Rabbits unearth Stone Age treasure

Wild European rabbits. Photo / Thinkstock
Wild European rabbits. Photo / Thinkstock

Burrowing bunnies have uncovered an 8,000-year old treasure trove buried near Land's End.

The family of rabbits are believed to be responsible for unearthing the archaeological "gold mine" less than 200 yards from the Cornish landmark.

Archaeologists said that the animals had uncovered arrow heads, flint tools and hide scrapers dating back to the Neolithic Age.

Although a formal excavation of the 150-acre site hasn't started yet, the discovery suggests there could also be a large Neolithic - or New Stone Age - cemetery, Bronze Age burial mounds and an Iron Age hill fort buried there.

Team leader Dean Paton, 30, told the Daily Mirror: "It seems important people have been buried here for ­thousands of years - probably because of the stunning views. It's a million-to-one chance rabbits should make such an astounding find.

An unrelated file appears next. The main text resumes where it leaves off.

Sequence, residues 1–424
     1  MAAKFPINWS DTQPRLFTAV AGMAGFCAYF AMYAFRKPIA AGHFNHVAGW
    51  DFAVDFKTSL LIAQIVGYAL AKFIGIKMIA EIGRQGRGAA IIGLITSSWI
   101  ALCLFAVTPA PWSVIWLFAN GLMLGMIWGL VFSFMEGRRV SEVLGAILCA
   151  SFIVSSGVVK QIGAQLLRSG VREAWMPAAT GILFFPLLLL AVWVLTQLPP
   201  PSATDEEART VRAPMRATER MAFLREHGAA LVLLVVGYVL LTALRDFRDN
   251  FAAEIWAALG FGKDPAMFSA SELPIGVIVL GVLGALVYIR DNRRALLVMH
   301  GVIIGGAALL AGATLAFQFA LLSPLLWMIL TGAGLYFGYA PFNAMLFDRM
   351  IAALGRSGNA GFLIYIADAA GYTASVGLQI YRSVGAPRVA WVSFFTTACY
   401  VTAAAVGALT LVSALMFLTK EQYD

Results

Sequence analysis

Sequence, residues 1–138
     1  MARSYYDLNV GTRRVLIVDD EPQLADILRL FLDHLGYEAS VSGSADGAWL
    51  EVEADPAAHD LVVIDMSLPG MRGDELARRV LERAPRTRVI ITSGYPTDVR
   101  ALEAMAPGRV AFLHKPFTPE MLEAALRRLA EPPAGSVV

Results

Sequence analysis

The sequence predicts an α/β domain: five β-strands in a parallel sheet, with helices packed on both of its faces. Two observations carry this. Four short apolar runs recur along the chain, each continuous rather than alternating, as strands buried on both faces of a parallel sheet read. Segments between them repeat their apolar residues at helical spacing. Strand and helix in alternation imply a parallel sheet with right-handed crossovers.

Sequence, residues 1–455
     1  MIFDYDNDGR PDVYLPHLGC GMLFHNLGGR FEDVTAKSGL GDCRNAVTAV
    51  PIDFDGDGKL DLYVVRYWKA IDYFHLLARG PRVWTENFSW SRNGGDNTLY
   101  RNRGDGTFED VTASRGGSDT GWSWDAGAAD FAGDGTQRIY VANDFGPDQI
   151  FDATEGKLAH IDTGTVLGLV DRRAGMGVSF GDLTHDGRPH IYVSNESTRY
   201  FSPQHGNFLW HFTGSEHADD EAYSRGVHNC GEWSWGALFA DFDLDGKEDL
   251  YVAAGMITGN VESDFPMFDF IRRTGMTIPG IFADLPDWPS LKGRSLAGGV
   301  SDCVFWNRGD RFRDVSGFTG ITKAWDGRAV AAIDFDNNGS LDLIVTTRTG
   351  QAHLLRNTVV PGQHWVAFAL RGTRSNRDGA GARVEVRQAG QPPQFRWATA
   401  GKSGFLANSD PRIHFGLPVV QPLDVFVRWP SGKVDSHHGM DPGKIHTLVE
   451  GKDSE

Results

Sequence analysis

"They dug two little burrows right next to each other and all these ­treasures were thrown out of the earth.

No one knows the scale of it but it's a gold-mine. A family of rabbits have just rewritten the history books."

A team from Big Heritage, based in the Wirral, are to spend up to two years excavating the site.

Dean added: "The bunnies are quite nosy and come out to see what we are doing."

Big Heritage also plans to create an "archaeobunnies" children's trail at Land's End.

The iconic spot, which is the most south-westerly point of mainland Britain, is a popular tourist destination. It gained widespread attention in May 2012 as the starting point of the London Olympics torch relay.

- UK Independent

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